The meteorite that plowed into Earth 65 million years ago created all sorts of havoc: It threw up dust that darkened the planet for months, loaded the atmosphere with carbon dioxide, obliterated the protective ozone layer, sparked massive wildfires, triggered tsunamis, and drenched the lands with acid rain. More than two-thirds of all living species--including the dinosaurs--succumbed to the catastrophe. Mysteriously, freshwater species escaped unscathed, even though acid rain should have hit them the hardest. Now scientists may have found an answer to this riddle.
The 15-kilometer-wide meteor probably contained a substantial amount of sulfur minerals and happened to hit a sulfur-rich part of the Yucatan Peninsula, heaving tons of sulfur into the atmosphere which reacted with water to produce acid rain. In modern environments, animals living in rivers and lakes are often the most affected by this type of pollution. But 90% of freshwater species, such as crocodiles and turtles, somehow survived.
How did they manage? It's possible that the impact didn't generate enough acid rain to kill the freshwater animals, but several lines of evidence that severe acid rain did fall on land argue against this explanation. Now, geochemists Teruyuki Maruoka and Christian Koeberl of the University of Vienna in Austria have come up with another idea, which they outline in the June issue of Geology. They believe the crocodiles owe their survival to the same impact event that doomed T. rex. The sediments on the Yucatan were not only sulfur-rich, they were also full of calcium and silica. According to Maruoka and Koeberl, the calcium and silica were vaporized by the impact and then crystallized as larnite, a substance that's extremely efficient at neutralizing acid in water. Their calculations suggest that the larnite could have consumed enough of the acid in freshwater ecosystems after the impact to restore the water to safe levels within a couple of hours of the impact.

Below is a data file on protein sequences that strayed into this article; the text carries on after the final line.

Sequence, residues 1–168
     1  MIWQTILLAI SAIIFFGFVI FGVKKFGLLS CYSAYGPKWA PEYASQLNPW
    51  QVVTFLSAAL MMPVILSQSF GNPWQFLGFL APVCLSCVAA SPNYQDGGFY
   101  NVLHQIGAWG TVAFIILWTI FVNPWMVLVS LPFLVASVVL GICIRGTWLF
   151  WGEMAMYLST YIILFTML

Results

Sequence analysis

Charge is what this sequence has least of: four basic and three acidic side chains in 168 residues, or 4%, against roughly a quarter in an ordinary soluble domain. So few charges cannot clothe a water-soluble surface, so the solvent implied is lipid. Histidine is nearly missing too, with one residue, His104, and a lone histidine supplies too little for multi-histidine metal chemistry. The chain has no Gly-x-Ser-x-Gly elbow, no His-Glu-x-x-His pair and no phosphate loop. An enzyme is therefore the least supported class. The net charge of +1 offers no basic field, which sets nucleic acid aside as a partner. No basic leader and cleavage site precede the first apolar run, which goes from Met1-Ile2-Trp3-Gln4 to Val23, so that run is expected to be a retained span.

The larnite would have been consumed in the neutralization process leaving little or no trace behind at the Chicxulub crater on the Yucatan, but larnite has been reported at the Haughton crater in Canada. David Kring of the University of Arizona in Tucson says the next step is to hunt for larnite that might have been preserved in impact sediments that settled on the ocean floor. "This work is important because this is the kind of impact event that can happen again," says Kring. Scientists estimate that impacts large enough to cause severe environmental damage happen once or twice per million years. "Understanding what happened 65 million years ago will help us better assess the hazards of future impacts."